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Money Talk Podcast, Friday Feb. 26, 2016

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Landaas & Company newsletter  March edition now available.

Advisors on This Week’s Show

Brian Kilb

Kyle Tetting

Art Rothschild

(with Max Hoelzl and Joel Dresang)

Week in Review (February 22-26, 2016)

Significant economic indicators & reports

Monday

No major announcements

Tuesday

Sales of existing houses rose to their fastest pace in six months in January and their highest year-to-year increase since mid-2013. The National Association of Realtors warned that a relatively short supply of houses for sale has been pushing up prices too quickly, which could be pricing some wannabe home buyers out of the market. The trade association questioned whether the nation would have sufficient inventory for spring sales.

The December report from the S&P/Case Shiller home price index shows house prices moderating but still far outpacing inflation. Year-to-year housing inflation was 5.7% in the 20-city composite index, about twice the overall inflation rate. A housing economist with the index said price increases should stimulate more home building, which has been lagging the moderate economic expansion. A lack of inventory has been a chief cause of rising prices.

The Conference Board released a lower consumer confidence reading in February than analysts expected. An economist for the business research group said stock market turbulence may be undermining some of consumers’ collective outlook, but their relatively rosy feelings toward current conditions suggest continued economic growth.

Wednesday

In further housing news, new home sales in January dipped from a solid annual pace in December. The Commerce Department reported the first slowdown in four months, citing a decline in activity in western states. Still, sales have been hovering near their pre-recession levels, providing continued stimulus for further economic growth dependent on local and regional conditions.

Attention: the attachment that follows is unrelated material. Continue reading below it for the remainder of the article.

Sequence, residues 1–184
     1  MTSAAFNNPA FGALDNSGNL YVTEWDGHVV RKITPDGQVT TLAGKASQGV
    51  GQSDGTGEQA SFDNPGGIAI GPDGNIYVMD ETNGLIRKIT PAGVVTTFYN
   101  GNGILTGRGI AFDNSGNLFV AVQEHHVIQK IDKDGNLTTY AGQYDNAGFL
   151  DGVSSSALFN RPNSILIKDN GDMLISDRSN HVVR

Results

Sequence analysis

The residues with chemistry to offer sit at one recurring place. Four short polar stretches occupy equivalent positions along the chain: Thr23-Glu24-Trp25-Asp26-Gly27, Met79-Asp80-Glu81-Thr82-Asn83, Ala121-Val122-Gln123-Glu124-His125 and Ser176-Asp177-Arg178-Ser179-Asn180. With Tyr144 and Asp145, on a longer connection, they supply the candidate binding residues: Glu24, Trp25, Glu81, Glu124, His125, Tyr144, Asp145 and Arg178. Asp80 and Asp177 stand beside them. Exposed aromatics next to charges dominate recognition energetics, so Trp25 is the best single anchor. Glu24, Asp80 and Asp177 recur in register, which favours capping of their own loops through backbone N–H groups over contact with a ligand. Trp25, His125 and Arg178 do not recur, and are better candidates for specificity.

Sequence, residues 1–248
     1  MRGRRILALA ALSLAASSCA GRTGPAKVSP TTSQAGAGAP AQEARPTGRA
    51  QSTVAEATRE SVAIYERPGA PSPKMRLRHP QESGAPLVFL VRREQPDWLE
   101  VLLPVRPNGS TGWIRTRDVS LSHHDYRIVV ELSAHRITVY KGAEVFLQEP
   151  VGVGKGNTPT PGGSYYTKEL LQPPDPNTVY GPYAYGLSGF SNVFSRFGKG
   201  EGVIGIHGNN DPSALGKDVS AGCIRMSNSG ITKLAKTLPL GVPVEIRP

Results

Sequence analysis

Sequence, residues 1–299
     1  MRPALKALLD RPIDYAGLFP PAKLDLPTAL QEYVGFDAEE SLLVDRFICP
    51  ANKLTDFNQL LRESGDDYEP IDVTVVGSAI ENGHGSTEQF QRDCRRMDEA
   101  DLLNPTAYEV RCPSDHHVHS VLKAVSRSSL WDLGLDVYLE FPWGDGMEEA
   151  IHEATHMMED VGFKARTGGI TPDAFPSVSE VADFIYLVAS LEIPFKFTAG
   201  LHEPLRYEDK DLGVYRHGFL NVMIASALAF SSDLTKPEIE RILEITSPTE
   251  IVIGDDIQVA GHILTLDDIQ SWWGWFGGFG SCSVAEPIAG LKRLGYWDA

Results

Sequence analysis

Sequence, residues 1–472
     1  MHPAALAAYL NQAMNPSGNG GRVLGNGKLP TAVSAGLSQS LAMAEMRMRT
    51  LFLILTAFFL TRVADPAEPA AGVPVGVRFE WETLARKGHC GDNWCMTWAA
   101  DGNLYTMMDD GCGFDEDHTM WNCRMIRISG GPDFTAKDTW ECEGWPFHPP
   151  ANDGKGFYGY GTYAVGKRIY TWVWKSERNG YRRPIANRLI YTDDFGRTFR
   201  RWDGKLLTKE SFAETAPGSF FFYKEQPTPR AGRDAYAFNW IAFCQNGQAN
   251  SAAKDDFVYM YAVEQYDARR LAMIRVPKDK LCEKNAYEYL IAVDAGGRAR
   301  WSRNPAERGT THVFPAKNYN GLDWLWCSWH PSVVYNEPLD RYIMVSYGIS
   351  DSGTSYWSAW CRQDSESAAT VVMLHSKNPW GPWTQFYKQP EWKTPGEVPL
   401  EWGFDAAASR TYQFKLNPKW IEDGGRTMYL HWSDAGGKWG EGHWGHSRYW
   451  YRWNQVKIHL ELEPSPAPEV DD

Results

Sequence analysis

new homes Jan 2016

Thursday

Led by automobiles and the volatile commercial airlines category, January orders for durable goods rose more than expected, gaining for the first time in three months. Excluding transportation equipment, orders reflected broad growth in manufacturing demand. The Commerce Department said civilian capital goods orders minus aircraft, an indicator of business investments, rose by 3.9% from December, when it declined by 3.7%.

Employers continued to be reluctant to let workers go as the moving four-week average for initial unemployment claims dropped for the third week in a row and the fourth time in five weeks. The Labor Department reported that the average remained 24% below the 48-year average level, which it has been below each week since early 2013.

Friday

The economy grew a tad faster than initially estimated in the last three months of 2015, with inventories piling higher but slower consumer spending. The Gross Domestic Product. The Bureau of Economic Analysis said its second look at the GDP showed a 1% annual gain in the fourth quarter. That follows a 2% annual growth rate in the third quarter, down from 3.9% in the second quarter. Consumer spending, which drives two-thirds of economic growth, rose 2% in the latest quarter, down from an initial 2.2% and below the long-term average of more than 3%.

A narrower, more recent look at consumer spending showed higher-than-expected activity in January, rising 0.5% from December, the biggest gain in eight months. The Bureau of Economic Analysis said personal spending rose as personal income grew by 0.5% and the saving rate stayed at 5.2%. A key measure of inflation followed by the Federal Reserve Board rose to 1.7% for January 2015, closer to the Fed’s target of 2%, which hasn’t been reached for more than three years.

Consumer sentiment nearly recovered from a mid-February dip but still remains fairly optimistic, according to the University of Michigan. Considered a leading indicator of consumer spending, the sentiment index was 6.5% off of its recent peak 13 months ago. An economist with Michigan said the survey suggests consumer spending may slow to about 2.7% this year, down from 3% in 2015.

Where the Markets Closed for the Week

  • Nasdaq – 4,590, up 86 points or 1.9%
  • Standard & Poor’s 500 – 1,948, up 30 points or 1.6%
  • 10-year U.S. Treasury Note – 1.76%, up 0.01 point
  • Dow Jones Industrial – 16,640, up 249 points or 1.5%

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